Learn more about VPD Detective Constable Kerry-Anne and her passion to be on the frontlines of support in her community in PART ONE we shared earlier this week. Today, we talk with Kerry-Anne about her recent designation as 2023 VPD Police Officer of the Year and her role in some of Vancouver’s most important investigations.
After immigrating from South Africa to Canada in 2006, Kerry-Anne joined the VPD in 2011 and got her start in Patrol. From there she moved on to the Property Crime Unit, then to the Organized Crime Section, and now she has found an incredibly rewarding and successful niche investigating sex crimes in the Investigation Division.
The VPD’s Investigation Division investigates hundreds of complex cases each year including homicides, serious robberies and assaults, organized crime, drug trafficking, sex offences, child exploitation, domestic violence, financial crimes, cybercrimes, and more. Kerry-Anne’s remarkable ability to connect with both victims and suspects has landed her incredible experience – and success – on the Forensic Interview Team.
She is also one of two VPD representatives to the Policing and Security Branch of the Ministry of Public Safety and Solicitor General, where she will assist the VPD Training Unit in implementing provincially mandated training for sexual assault investigations.
Firstly, what does it mean to you to be designated as VPD 2023 Police Officer of the Year?
It is an incredibly humbling experience. I know about 600 police officers who they overlooked and are worthy of this high recognition – and those are just the ones I know and have benefitted from working alongside. This career is one that I feel indebted to – because of the people; their support, kindness, and willingness to share their knowledge. ‘Solo success’ simply does not exist in policing. A piece that means the most is, I know the source of this nomination – they are leaders who I have the most respect for and who I strive to emulate.
What has your experience been like as part of the VPD Forensic Interview Team?
Special Investigations and Forensic Interviewing is uniquely challenging as the files often involve the most vulnerable members of our community – children, seniors, sex trade workers and of course some of the most difficult subject matter. Having said that, being a part of the Special Investigations Unit and Forensic Interview Team has been a highlight of my career. Seeing first-hand the detectives and civilian member’s work ethic, perseverance and investigative skills to bring repeat and sexual based offenders before the court is remarkable. I remain in awe of these dedicated individuals who carry a heavy workload and I am grateful to learn and work alongside them.
Forensic Interviewing is fascinating, it is a truth finding activity that can serve the investigation in a number of ways, even possibly exonerate the suspect. It gives you the opportunity to build rapport, use trauma informed techniques and empathize with the interviewee. Justice is often not always served in a court verdict. Often the process, in particular the interview, can allow for the victim to regain control and move forward.
Is there file you’ve worked on in Investigations that you are particularly proud of?
Yes, there is a specific file that comes to mind. The lead officer on the file was new to Special Investigations which allowed me to work in a mentor capacity with her – this was very rewarding. It benefited me greatly to see her move from the early stages of the investigation right through to the end, allowing her to grow professionally.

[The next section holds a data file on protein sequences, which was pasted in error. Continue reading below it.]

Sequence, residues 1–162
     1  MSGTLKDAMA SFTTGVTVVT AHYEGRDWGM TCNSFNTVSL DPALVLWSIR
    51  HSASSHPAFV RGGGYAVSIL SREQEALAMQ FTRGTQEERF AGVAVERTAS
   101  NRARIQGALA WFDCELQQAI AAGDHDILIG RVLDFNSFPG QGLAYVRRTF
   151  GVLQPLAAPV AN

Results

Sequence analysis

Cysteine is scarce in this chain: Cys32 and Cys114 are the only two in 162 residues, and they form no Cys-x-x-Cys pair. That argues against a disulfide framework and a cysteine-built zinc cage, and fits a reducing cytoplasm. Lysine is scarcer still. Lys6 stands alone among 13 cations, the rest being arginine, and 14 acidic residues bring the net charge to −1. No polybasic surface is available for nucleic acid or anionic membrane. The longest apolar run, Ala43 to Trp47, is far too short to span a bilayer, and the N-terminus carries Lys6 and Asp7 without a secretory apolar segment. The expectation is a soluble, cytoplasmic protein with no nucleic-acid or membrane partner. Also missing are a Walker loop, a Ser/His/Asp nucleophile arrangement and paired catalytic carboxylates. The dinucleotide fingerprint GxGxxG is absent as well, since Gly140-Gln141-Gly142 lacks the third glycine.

The suspect in this particular investigation was an online predator luring young girls and then meeting and violently sexually assaulting them. He remained undetected for several years prior to us identifying and arresting him. My supervisor, Astrid Bonter implemented a number of innovative techniques, she worked tirelessly, inspiring our entire unit to move quickly, knowing the community risk the suspect posed.
There were also many barriers to get through – the young victim was from an immigrant family and she was afraid of not being believed. She carried shame and guilt that should not, but unfortunately often comes along with reporting sexual-based crimes. The VPD school liaison officer successfully built rapport with this young woman in a way that she was comfortable speaking to police to share her private story.
Eventually, we were able to identify the violent predator and bring him in for a full investigative interview, where he confessed to a list of sexual based crimes, all involving young females.
Being part of the full investigation cycle, working 24/7 alongside such determined investigators and civilians to unmask this online predator and stop him, will always serve as a reminder that I have the best job.
The unsettling nature of your files must take a toll on you and your colleagues. How to you cope with the disturbing content you uncover during your investigations?
The VPD has an excellent internal Critical Incident Stress Management Team that has worked tirelessly to harness a culture of mental health awareness and minimize stigma. Through this team, I have received invaluable training so I can better support my colleagues as they work through traumatic files and critical incidents. In turn, I am fortunate to receive support back, so I can continue to do this job at an optimal level and serve our community.
After working on very difficult files, how do you unwind after shifts?
I am extremely lucky because I have a very patient, engaged partner, Christina, who knows how much this work means to me and helps me maintain balance and vent. I am grateful to have the love and unwavering support of my family; Ingrid, Tara and Bart and a yellow lab Finley who makes all things better.
Please join us in congratulating Kerry-Anne on her well-deserved designation as 2023 VPD Police Office of the Year!
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